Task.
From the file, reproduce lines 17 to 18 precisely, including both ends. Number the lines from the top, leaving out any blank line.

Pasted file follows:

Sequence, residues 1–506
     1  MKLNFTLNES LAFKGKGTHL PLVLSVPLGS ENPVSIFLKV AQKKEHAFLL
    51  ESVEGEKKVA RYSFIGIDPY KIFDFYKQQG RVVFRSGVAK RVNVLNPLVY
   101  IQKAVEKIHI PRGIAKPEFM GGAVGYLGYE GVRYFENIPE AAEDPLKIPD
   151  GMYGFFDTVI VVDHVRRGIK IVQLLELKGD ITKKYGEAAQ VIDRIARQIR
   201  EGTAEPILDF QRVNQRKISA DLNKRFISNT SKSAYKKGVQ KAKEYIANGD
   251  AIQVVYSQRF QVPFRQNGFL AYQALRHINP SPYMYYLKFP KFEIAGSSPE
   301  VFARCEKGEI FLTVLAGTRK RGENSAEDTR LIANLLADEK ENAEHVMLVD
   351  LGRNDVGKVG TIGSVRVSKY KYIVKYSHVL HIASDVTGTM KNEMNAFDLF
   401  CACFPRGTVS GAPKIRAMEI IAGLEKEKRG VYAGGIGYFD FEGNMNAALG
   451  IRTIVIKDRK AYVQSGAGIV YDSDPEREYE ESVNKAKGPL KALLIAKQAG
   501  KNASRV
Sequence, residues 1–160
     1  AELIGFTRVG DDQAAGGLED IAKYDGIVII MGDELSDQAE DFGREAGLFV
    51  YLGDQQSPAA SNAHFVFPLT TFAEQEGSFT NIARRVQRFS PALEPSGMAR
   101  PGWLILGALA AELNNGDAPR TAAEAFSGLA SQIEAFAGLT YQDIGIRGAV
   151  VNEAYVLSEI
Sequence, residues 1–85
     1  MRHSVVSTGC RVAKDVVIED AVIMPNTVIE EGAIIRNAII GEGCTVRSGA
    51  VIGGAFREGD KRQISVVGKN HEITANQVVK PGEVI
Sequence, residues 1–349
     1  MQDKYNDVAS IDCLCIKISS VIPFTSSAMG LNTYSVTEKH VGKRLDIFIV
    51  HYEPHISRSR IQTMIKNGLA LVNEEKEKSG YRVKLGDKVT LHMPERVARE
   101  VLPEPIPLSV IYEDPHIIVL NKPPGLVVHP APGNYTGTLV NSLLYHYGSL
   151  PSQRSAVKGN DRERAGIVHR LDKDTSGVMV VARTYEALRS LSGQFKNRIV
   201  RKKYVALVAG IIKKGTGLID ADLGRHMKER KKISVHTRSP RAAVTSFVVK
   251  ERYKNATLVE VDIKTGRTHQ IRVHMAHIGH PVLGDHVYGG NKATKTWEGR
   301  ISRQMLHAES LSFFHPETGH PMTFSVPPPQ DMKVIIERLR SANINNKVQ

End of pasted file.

   151  VNEAYVLSEI
Sequence, residues 1–85